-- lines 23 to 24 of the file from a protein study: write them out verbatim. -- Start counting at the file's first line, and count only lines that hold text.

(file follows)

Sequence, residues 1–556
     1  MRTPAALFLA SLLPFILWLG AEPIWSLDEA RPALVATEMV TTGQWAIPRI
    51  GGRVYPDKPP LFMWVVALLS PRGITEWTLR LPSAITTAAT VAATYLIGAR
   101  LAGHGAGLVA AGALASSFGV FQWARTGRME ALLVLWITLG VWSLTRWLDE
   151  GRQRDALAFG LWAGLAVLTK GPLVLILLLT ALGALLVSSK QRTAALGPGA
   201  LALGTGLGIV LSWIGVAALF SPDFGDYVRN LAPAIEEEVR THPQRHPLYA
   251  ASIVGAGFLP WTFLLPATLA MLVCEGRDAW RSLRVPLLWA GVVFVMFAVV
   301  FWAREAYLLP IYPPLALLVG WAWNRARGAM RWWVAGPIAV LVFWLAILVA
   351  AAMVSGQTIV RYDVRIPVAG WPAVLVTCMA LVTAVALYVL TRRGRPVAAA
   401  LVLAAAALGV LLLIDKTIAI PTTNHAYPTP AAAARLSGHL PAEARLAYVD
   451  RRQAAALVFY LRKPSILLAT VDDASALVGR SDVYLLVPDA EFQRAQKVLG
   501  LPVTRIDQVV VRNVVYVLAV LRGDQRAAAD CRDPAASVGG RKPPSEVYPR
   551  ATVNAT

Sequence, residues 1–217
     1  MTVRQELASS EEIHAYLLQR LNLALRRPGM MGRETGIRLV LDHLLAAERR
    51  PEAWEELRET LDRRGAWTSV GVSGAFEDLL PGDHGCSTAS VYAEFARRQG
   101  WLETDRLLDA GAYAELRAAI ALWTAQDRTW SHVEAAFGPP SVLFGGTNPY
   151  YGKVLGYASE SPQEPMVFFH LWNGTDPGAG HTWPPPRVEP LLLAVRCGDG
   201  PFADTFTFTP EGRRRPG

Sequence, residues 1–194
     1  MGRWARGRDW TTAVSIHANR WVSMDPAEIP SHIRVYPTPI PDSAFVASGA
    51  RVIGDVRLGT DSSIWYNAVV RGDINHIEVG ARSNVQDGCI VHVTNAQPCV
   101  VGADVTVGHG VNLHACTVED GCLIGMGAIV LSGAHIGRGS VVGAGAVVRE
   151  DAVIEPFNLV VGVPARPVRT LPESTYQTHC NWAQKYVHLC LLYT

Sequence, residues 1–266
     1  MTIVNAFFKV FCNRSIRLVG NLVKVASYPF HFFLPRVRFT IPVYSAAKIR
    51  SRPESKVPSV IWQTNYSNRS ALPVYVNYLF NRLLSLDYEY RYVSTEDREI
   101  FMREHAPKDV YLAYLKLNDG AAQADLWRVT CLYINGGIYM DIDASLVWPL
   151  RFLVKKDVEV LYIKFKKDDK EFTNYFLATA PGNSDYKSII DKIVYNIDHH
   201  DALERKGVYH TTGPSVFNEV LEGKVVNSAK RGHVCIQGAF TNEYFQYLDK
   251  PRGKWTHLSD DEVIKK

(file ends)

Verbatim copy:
   101  VGADVTVGHG VNLHACTVED GCLIGMGAIV LSGAHIGRGS VVGAGAVVRE
   151  DAVIEPFNLV VGVPARPVRT LPESTYQTHC NWAQKYVHLC LLYT